Many people often wonder why alcoholism is termed as a psychological problem when chronic drinking often leads to high mortality mainly due to organ failures. Considering the occurrence and effects of alcoholism, it will be correct to say that alcoholism has elements of both mental and physical disorder.
The Diagnostic and Statistical Manual of Mental Disorders (DSM-III) has classified alcoholism as a substance use disorder, but symptoms of mental issue due to alcoholism manifest much before physical deterioration or complications appear.
Some of the signs of a poor mental state induced by alcohol are the loss of control in drinking within the limit, perpetual desire to drink all the time, continued drinking despite negative impacts, regular intoxications, withdrawal symptoms and being a derelict in fulfilling most obligations (because of alcoholism). All of these are behavioral symptoms that need to be intervened at the earliest or they would result in physical complications of alcoholism.
Hence, the comorbidity of alcoholism and mental health conditions is intrinsically linked. Even the treatment of alcoholism focuses more on the mental conditions rather than just the physical conditions. In fact, all substance use disorders are primarily mental conditions that eventually manifest as physical complications.
Insomnia in alcoholics are signs of psychological issues
It has been seen that alcohol consumption may result in sleep disruptions. A 2015 study, titled “Insomnia in alcohol-dependent subjects is associated with greater psychosocial problem severity,” said that 75 percent alcoholics suffer from insomnia, and it is a veritable sign of a mental condition prevalent in alcoholics. It says that insomnia is a tell-tale sign of a psycho-social problem in alcoholics.
The study also said that alcoholics with moderate-to-severe insomnia had higher scores for most psychosocial problems and that they were more likely to report having greater employment problems and conflicts with their family. Insomnia was also found to be associated with aggravated psycho-social problems in alcohol-dependent subjects. The research also said that in treatment-seeking alcohol dependent subjects, insomnia may increase psychosocial consequences.
Alcoholism alters brain chemistry
Alcohol is a depressant and affects the neurotransmitters in the brain. It depresses parts of the brain that are linked to inhibitions. Alcohol is also associated with aggression, anger and absence of inhibitions, which are nothing but psychological attributes.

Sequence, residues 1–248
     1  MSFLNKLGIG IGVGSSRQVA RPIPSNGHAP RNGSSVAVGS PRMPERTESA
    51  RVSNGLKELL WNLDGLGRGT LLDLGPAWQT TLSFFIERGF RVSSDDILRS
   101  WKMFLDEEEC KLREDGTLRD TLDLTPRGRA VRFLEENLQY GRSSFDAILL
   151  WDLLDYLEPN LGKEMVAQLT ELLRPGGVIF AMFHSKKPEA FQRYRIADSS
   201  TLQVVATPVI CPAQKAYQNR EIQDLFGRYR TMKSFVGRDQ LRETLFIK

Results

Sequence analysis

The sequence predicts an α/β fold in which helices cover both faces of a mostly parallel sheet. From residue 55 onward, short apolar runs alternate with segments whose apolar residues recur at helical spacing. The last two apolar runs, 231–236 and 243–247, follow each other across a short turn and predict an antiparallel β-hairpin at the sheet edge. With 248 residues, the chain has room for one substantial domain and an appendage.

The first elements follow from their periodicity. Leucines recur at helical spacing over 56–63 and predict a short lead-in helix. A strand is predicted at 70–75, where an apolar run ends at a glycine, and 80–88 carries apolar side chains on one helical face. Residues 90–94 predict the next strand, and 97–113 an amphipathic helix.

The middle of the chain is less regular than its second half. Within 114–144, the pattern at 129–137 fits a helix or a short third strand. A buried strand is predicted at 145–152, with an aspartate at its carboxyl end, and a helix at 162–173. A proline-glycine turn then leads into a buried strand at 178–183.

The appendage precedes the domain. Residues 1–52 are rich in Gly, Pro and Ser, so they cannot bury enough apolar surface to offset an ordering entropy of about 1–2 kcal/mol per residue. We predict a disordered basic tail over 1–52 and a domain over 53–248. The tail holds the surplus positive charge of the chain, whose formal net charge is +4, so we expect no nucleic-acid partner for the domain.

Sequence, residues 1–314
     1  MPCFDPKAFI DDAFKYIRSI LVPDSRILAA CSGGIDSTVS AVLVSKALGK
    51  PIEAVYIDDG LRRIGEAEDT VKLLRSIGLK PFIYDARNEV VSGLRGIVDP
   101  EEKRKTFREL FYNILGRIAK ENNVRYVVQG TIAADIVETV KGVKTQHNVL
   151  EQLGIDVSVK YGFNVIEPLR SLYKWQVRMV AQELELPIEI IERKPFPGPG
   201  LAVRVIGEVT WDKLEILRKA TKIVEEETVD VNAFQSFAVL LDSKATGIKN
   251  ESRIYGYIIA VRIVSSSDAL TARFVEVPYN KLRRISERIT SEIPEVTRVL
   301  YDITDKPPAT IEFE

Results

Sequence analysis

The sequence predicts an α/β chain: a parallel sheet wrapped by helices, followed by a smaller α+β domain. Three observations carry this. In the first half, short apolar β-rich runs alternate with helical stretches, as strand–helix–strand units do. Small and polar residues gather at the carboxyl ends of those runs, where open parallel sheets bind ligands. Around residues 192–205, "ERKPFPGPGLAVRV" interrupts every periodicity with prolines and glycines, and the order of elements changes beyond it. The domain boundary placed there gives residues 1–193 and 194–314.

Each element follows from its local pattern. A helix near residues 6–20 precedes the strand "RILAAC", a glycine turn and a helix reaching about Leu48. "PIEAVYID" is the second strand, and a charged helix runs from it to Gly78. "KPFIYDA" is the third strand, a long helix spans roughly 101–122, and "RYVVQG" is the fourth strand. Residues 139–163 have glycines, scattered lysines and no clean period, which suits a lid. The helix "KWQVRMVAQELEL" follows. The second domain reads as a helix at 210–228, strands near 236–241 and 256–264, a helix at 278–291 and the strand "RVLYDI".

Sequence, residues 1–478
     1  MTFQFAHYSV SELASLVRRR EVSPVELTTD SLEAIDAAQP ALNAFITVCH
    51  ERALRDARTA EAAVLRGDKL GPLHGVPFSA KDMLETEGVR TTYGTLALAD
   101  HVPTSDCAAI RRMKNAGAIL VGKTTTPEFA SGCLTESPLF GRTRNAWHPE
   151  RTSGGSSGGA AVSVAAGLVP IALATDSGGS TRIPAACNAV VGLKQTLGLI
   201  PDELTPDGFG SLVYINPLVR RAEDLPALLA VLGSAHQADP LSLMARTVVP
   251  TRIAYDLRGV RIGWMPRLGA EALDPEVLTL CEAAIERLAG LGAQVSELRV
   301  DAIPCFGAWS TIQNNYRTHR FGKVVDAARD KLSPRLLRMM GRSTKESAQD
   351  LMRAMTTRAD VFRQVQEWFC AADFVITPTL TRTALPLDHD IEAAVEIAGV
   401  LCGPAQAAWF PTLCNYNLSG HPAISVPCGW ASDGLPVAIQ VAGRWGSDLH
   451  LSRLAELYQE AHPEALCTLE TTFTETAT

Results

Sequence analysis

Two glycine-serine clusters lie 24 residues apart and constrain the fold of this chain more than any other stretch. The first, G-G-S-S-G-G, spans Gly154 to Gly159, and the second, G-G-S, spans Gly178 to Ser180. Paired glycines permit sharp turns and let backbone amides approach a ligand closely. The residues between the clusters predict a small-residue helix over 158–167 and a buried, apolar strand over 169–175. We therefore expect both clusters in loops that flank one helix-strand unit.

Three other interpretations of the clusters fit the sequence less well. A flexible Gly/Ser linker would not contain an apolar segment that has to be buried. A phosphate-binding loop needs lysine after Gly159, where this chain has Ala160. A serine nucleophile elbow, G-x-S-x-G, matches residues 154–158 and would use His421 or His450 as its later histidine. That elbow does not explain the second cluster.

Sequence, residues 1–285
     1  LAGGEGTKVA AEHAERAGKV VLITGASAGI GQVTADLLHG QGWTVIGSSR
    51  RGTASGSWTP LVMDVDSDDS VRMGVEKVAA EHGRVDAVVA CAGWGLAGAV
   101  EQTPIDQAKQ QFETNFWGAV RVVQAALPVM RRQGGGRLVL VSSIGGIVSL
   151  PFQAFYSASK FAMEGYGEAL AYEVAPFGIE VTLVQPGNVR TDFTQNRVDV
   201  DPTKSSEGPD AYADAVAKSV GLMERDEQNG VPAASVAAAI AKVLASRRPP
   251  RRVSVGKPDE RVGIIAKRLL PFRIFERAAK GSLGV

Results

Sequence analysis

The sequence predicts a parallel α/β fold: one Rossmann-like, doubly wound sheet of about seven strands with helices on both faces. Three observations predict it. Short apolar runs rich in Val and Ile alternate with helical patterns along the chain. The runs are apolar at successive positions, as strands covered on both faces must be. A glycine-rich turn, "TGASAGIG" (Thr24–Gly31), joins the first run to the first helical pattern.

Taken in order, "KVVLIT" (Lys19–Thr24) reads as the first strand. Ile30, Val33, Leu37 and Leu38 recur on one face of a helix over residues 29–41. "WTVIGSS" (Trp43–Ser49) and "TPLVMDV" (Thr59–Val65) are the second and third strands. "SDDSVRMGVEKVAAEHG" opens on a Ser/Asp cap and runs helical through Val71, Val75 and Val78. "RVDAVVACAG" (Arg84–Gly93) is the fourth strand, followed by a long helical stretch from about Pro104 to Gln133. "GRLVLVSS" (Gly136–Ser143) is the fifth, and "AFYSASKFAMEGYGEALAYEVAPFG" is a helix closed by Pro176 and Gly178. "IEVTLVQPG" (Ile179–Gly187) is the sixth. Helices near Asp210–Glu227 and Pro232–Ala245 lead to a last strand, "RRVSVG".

Alcohol associated with suicide, psychosis and self-harm
Alcohol induces self-harm and is an agent for abetment of suicides. As per the National Health Service (NHS) in Scotland, more than 50 percent of the people admitted in hospitals for self-harm are reported to be under the influence of alcohol while inflicting harm upon themselves.
Anxiety and depression linked to heavy drinking
Extreme drinking habits can lead to anxiety and depression, and can occasionally cause psychosis as well. When heavy drinkers abruptly stop drinking, they develop a psychological condition called “delirium tremens.” Conversely, people suffering from anxiety and depression also tend to consume large amounts of alcohol.
Thus, alcoholism and depression are part of a vicious cycle that can be broken only by a treatment procedure.
Need for integrated treatment for dual diagnosis
Though dual diagnosis is hard to detect and is fraught with complications, its treatment is possible with appropriate medications and therapy. But it is paramount to address both the conditions simultaneously for a successful and long-term recovery. Treating only the substance abuse disorder without keeping a tab on the mental health condition would not yield the desired results. Hence, seeking help from a credible dual diagnosis treatment center is important. The dual diagnosis treatment centers in California, for example, are counted among the best in the country.
If a loved one is struggling with co-occurring disorders and you are looking for dual diagnosis treatment in California, contact the California Dual Diagnosis Helpline. You may call at our 24/7 helpline number 855-980-1736 for guidance regarding one of the best dual diagnosis treatment centers in California.